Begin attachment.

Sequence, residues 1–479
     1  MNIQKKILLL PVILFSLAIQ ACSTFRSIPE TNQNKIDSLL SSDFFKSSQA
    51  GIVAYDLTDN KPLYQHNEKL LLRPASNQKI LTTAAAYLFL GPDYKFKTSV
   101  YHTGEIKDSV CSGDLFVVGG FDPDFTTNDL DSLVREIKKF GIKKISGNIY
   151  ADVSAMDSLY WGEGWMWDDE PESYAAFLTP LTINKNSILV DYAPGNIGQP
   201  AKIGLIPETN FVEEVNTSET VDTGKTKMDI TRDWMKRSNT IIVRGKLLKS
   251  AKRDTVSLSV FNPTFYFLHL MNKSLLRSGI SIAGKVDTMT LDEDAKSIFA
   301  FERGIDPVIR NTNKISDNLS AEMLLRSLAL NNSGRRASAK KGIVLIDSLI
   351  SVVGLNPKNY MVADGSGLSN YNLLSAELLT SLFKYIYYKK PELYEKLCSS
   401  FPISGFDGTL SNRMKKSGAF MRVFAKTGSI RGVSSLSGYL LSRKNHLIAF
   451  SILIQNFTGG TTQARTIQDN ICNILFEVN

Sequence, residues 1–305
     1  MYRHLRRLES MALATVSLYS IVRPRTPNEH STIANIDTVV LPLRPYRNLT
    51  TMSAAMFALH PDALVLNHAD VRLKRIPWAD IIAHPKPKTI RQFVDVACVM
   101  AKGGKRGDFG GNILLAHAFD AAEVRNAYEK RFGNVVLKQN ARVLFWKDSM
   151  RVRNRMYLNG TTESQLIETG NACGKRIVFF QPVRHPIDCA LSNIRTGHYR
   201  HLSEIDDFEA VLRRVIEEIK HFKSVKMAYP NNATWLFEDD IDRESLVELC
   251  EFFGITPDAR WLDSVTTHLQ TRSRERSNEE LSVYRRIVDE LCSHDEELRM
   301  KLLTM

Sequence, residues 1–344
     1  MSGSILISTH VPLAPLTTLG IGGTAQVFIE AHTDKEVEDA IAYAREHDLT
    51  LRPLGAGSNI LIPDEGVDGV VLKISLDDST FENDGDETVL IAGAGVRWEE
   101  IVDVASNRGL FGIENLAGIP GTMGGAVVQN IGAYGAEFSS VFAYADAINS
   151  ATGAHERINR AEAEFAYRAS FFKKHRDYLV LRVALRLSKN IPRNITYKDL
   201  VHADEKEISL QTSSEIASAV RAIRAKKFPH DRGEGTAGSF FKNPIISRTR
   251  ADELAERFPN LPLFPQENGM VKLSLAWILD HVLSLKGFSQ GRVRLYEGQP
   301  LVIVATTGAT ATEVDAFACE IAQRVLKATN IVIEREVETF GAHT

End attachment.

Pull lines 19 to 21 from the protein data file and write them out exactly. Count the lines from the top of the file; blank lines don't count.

   301  KLLTM

Sequence, residues 1–344
     1  MSGSILISTH VPLAPLTTLG IGGTAQVFIE AHTDKEVEDA IAYAREHDLT